• Fascinating history about Balinese temples. Many tourists surmise that temples are strictly there as a means of decorating the landscape, when in facts, it ties to the socio-cultural climate of a place. Thank you for clearing up the confusion of why menstruating women aren’t allowed in the temple. I appreciate its more about the prohibiting of “bloodshed” as opposed to women being impure.

  • The number of temples is really impressive. And it is surprising, Bali has so many Hindu customs which are so similar to what we practice back home in India although the two nations are thousands of miles apart. I am actually planning a trip to Bali next year and I do plan to visit as many temples as I can and get the cultural experience along with the beach experience. Will have to return back to your post for reference.

  • Temples for Car ! 🙂 How the mix of all cultures influenced the country! Very nicely written.

  • This is very informative article! I am surprised that myself when I visited Bali. And my favorite thing in the morning while I was in Bali was tip toed along the roads to avoid the God’s offerins haha. Also, regarding the rules 🙈 I was so guilty of not following one of the rules (not something totally disrespectful) but I had my period that time (TMI I know) and I wanted to go inside this temple and read the “no women in their period” rule and I thought “Im not doing anything wrong and as if they will know”. Lo and behold, I entered the temple and within 5 minutes, giant red ants started biting me everywhere! Never again and I kept apologizing to the Gods while I was running away from the temple. Lol.

  • Wow, that’s a lot of temples! I didn’t quite realize just how many temples were there, but that’s really interesting that each family has their own private temple. Very interesting history and it’s cool to hear about how the temples have a different importance too. Now I think I need to head to Bali to see some of these temples myself!

  • good to know about the history , informative post

  • First of all, I did not realize that Balinese Hinduism is any different than Hinduism. So that is very interesting! I also didn’t know about private temples, or temples dedicated to special subjects. I would LOVE to check out an underwater temple!

  • Useful tip to know the calendar isn’t the same so always check before going. Thank you, would be a shame to assume dates were the same every year.
    And interesting to know more about blending of religions in Bali. That’s the type of thing it’s handy to know before going but I so often haven’t read any guide books before I arrive somewhere so I love blogs like this.

  • Fascinating to read about Balinese culture and temples.

  • Abhinav Singh
    1 month ago

    20,000 temples! Whoa! That’s as good as some of the Indian cities. The rituals and festivals are so much like those from India and still so different. It would be intriguing to see it for myself. Hinduism spread across Asia is not documented well. Glad you decided to take things in your hand!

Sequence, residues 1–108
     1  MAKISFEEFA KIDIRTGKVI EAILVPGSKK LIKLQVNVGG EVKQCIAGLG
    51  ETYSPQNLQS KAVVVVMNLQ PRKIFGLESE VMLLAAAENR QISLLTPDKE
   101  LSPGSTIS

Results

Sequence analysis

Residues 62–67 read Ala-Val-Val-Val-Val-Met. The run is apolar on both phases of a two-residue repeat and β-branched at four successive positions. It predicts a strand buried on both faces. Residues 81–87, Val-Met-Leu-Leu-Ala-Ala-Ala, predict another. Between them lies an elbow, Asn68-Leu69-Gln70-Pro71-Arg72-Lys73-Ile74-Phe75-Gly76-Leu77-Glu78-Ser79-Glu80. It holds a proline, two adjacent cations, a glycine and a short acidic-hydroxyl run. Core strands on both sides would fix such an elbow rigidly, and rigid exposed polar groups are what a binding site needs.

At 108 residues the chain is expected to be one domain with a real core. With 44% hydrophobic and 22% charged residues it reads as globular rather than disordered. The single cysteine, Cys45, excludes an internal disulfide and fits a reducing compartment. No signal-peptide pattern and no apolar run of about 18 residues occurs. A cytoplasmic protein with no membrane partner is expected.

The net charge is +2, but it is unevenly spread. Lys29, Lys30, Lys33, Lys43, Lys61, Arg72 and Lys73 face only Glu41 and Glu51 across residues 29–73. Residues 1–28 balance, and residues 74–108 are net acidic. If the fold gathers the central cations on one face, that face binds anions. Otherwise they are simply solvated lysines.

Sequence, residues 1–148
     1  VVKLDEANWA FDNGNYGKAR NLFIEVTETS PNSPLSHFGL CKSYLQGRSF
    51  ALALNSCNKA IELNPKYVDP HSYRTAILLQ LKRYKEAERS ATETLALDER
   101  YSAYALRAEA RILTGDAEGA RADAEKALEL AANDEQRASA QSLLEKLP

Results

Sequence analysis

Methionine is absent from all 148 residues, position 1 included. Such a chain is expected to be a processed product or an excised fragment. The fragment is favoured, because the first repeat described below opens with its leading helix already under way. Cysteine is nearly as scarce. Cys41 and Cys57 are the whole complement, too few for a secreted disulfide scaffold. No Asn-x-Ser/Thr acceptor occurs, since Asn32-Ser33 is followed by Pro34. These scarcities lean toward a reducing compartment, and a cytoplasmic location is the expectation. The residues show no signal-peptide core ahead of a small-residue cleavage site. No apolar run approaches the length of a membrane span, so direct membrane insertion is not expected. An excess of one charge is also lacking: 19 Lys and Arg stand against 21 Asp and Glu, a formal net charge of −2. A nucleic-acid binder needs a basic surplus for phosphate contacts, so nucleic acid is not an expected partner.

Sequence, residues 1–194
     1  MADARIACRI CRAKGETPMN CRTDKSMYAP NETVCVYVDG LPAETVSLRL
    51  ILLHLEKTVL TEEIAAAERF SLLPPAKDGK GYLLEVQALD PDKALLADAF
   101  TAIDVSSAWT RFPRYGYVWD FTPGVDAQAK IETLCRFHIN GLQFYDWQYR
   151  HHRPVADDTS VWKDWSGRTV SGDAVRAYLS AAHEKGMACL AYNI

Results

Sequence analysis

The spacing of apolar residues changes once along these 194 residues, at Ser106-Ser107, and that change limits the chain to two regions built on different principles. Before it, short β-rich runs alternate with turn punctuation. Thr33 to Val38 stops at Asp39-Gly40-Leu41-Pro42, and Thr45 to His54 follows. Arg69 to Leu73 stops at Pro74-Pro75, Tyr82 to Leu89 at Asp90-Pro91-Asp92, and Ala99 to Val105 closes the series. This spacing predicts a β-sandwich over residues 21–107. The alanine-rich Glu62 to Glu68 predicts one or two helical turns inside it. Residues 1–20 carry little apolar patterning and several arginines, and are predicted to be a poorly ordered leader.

• Reading your post felt as though it was meant to happen now. I’ve just finished reading Eat Pray Love, and Bali was one of the settings in the story. So I started researching on traditional Balinese medicine as well as temples and, now, I’ve just read yours. I can imagine this culture- and heritage-rich city smelling of incense and lemongrass!

  • I actually used to live In Bali, and although I’m not religious myself it was amazing and quite an experience to see all the religious festivals that used to take place. When I first moved out there, I had no idea about the offerings and just how many temples there were but You’re right there are so many. And even in our villa we had a temple build in, which our landlord would come around every so often and perform a ceremony. I loved that about Bali, it doesn’t how touristy the Island is getting it still holds to it’s identity and religion. This is a fascinating read for anybody that’s thinking about going to Bali and a good heads up for them.

  • Very interesting set of facts about temples in Bali. It is quite interesting to see similar set of culture like India yet different in their own way. Thanks for sharing, will look out for the beach temples when I visit 🙂

  • I was in Bali earlier this year and this is such an interesting post! I had noticed many homes had temples but I didn’t realise that this was the norm. I found the Hindu temples and Hindu/animist culture of Bali so fascinating, I’ve never seen anything quite like it. I wondered why no one seemed to care if the little banana leaf offerings were trampled on by feet – now I know! This makes me want to go back and explore some the temples I didn’t get chance to see 🙂

  • I learnt that Indonesia was a Hindu country, and over time its become a muslim country. It’s amazing how a landmass is totally Hindu, despite whatever is happening. Indonesia’s eastern part near Papuas are falling prey to the Christian missionaries (Irian Jaya). I hope Bali stays the same. I too have seen offerings outside houses and people being more religious than India. Indonesia is one of the most liberal muslim countries and thats probably why Bali has stayed that way. The extremism in Indonesia has been recent at the fringes (Sumatra, Sulawesi and Irian Jaya) with radicalisation.

    I’d love to know more about this topic!

  • Guide on Temple tour in Bali is very informative and interesting. It is so great to know that Bali has thousands of temples and it is influence by Hinduism a lot. Water temples are also unique and I would love to visit them. Temple hopping sounds so interesting and it this tour must be so devotional. I loved the baskets of offerings very colorful but just for curiosity, why they are offering cigarettes. Also great logical explanation of do’s and don’t’s of Balinese temples.

  • Bali intrigued me in the same manner and I happen to visit just after Galugan festival. I saw all those remains and heard of their silence days and other rituals. Glad you wrote about those. Cheers

  • I love how the religion in Bali is a mix of so many different beliefs. I didn’t know that there are more than 20’000 temples in Bali. There is really a temple dedicated to cars? This sounds quite interesting 🙂 When I was in Bali, the offerings fascinated me the most. It’s so good to know, that once they are placed, they are not holy anymore. I still payed a lot of attention not to step on them 😀 I didn’t know that you’re not allowed to visit a temple when you have a bleeding wound! Thank you for this interesting article!